The Belarusian leader has claimed that compensation was part of a draft peace treaty, which Ukraine ultimately rejected Belarusian President Alexander Lukashenko © Sputnik / Ilya Pitalev
Belarus President Alexander Lukashenko has claimed that Russia offered financial compensation to Ukraine for Crimea, when the two nations were engaged in peace talks mediated by Minsk.
Speaking to a Russian media outlet on Wednesday, the Belarusian leader said that Russian President Vladimir Putin had shown him a draft document which was provisionally accepted by Moscow and Kiev. The proposed treaty was “fine” and included “some kind of long-term lease” regarding Crimea, Lukashenko stated.
“It was a good process, but [the Ukrainians] dropped out of it,” he added.
Belarus served as a mediator between Russia and Ukraine for years, and hosted talks in 2014 and 2015 which resulted in the signing of the so-called Minsk agreements, the UN-endorsed roadmap for Kiev’s reconciliation with Donbass.
After open hostilities broke out last year, several rounds of peace negotiations were held in Belarus, but talks later moved to Istanbul. The Türkiye-based round of discussions produced a draft agreement under which Kiev pledged to become a neutral state in exchange for security guarantees. However, it made a U-turn soon after, which Moscow described as Ukraine following a US order to continue fighting.
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Before Crimea rejected the 2014 armed coup in Kiev and voted in a referendum to rejoin Russia, Moscow paid Kiev an annual lease to use Sevastopol as the home base of its Black Sea Fleet. It was last renewed in 2010, when Moscow offered a gas price discount for the extension. With Crimea’s status changing, the Russian government declared the treaty null and void.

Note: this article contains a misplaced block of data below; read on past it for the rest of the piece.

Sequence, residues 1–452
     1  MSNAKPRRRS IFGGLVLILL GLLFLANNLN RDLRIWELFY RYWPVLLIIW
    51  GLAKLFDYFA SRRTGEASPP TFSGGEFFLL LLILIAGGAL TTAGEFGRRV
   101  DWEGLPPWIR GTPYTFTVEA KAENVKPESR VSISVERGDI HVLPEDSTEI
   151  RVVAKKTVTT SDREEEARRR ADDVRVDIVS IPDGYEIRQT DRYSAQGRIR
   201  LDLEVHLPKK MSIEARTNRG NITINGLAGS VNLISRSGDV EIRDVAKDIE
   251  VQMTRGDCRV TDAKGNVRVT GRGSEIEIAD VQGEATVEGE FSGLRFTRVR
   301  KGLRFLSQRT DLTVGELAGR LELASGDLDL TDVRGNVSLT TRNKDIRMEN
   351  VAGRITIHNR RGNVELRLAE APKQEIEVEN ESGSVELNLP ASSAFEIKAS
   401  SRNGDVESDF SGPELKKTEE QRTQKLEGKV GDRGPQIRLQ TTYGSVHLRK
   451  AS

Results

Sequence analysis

In the interview, Lukashenko claimed that the Minsk agreements had been negotiated in bad faith by Kiev and its backers, who used them to buy time for a military buildup in Ukraine. The resulting lack of trust poses a challenge for all future talks, he suggested, before reiterating his vision on how to stop hostilities.
“If we agree to a peace process, the war stops, no movements, no tanks, no troops. If anyone is redeployed, I believe we should use nuclear weapons. That is the only way we can talk to them,” Lukashenko said of Ukraine and its backers.
Minsk is a close Russian ally and has allowed the use of its territory for the military operation against Ukraine. In March, Russia announced that it would station some of its tactical nuclear weapons in Belarus at Lukashenko’s request. (RT)